Cabo San Lucas (the area known as Los Cabos) is widely recognized as one of the top tourist destinations in all of Mexico, with its spectacular beaches and waterfronts, its small town charm, and its affordable, all-inclusive accommodations. It’s an idyllic locale for an up-and-coming film festival – like the Los Cabos International Film Festival, now celebrating its third year.
Los Cabos International Film Festival inspires moviemakers and movie-goers from the North American triumvirate – the United States, Canada, and Mexico – to share ideas, experiences, and a love for independent film. This year’s festival kicked off with the Latin American premiere of Wild, Canadian filmmaker Jean-Marc Vallee’s biographical drama about Cheryl Strayed’s harrowing journey along the Pacific Crest Trail.
The film’s star, Reese Witherspoon, was on hand to introduce the film, saying: “This movie is very close to my heart. I was so moved by the book, I knew immediately that I had to turn it into a film. This is Cheryl Strayed’s story. It’s a journey of love and loss and grief and happiness.” And, with Witherspoon’s superb performance, a riveting, personal triumph that is a surefire contender for the award circuit.
More red carpet galas followed, open-air presentations under the vast Mexican sky at Pabellan Cultural De Cabo San Lucas: Xavier Dolan’s Cannes Jury Prize winner, Mommy; Mexican writer/director Guillermo Arriaga’s nine-part religious exploration, Words with Gods; Richard Linklater’s coming-of-age epic, Boyhood. Special tributes included Arriaga, Atom Egoyan (The Captive), Denys Arcand (An Eye for Beauty), and Roger Ebert (Life Itself).
Chaz Ebert, Roger’s wife, accepted the honor on behalf of her late husband, adding that her husband “would have been so happy” about the tribute: “He believed that the most noble thing that cinema can do is to put you in someone else’s shoes and let you feel what it’s like to be a person of another race, nationality, gender, age or economic class, so that we can all feel the heart of someone else.”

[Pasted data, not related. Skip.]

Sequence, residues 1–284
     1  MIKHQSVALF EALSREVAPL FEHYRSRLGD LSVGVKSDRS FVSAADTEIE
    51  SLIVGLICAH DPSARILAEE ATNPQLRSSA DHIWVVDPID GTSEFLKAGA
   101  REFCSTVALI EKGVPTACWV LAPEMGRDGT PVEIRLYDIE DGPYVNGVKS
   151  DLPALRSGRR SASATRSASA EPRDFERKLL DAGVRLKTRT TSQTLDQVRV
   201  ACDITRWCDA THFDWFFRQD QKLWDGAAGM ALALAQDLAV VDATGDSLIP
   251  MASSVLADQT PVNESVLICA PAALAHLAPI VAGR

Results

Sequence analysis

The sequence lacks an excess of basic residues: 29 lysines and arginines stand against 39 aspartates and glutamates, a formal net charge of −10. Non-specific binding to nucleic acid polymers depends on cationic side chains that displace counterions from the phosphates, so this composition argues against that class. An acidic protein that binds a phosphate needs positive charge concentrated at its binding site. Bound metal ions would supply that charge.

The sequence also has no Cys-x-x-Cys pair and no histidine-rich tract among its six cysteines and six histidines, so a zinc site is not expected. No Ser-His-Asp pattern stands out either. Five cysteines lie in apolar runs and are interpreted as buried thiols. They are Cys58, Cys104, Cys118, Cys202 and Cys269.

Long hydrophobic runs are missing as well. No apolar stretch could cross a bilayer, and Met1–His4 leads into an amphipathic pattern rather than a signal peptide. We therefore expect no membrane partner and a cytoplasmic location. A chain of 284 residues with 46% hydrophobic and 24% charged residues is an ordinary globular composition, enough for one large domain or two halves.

Situated at the cozy Bahia boutique hotel in Cabo San Lucas’ Medano Beach district, festival events were easily accessible on foot. Screenings were held at the Puerto Paraiso Mall, the cultural center of town. It hosted press conferences, master classes, and panels, and always seemed to be hopping with school children, families, and film enthusiasts by late afternoon.
To help navigate the program, screenings were broken into unique sections: Mexico First, celebrating the best in Mexican cinema (Marcelo Tobar’s Asteroide, Elise DuRant’s Eden, and the festival’s top prize winner, Alonso Ruizpalacios’ Gueros), B-Side, celebrating music and cinema (20,000 Days on Earth by Iain Forsythe and Jane Pollard, For Those About to Rock: The Story of Rodrigo and Gabriela from Alejandro Franco Fernandez), Green Perspective, cultivating and promoting environmentalism (Grant Baldwin’s Just Eat It: A Food Waste Story, Deep-Sea Mexico by Jeronimo Prieto), and Sunset, celebrating horror films and B-series like the hysterical mockumentary, What We Do in the Shadows, from Taika Waititi and Jemaine Clement of Flight of the Conchords.
In mid-September, Hurricane Odile ripped through Los Cabos, causing significant damage to the airport, shake roofs and store fronts, uprooting trees and displacing boats, but the community has rallied to rebuild and expand. In a small resort town where the beaches are beautiful, the local cuisine is inexpensive and delicious, and the entertainment options aplenty, what stood out most about the Los Cabos International Film Festival was the warmth and generosity of the people – people who most certainly love and cherish the cinema.
Young, vibrant, and resilient, the Los Cabos International Film Festival is an unstoppable force. MM
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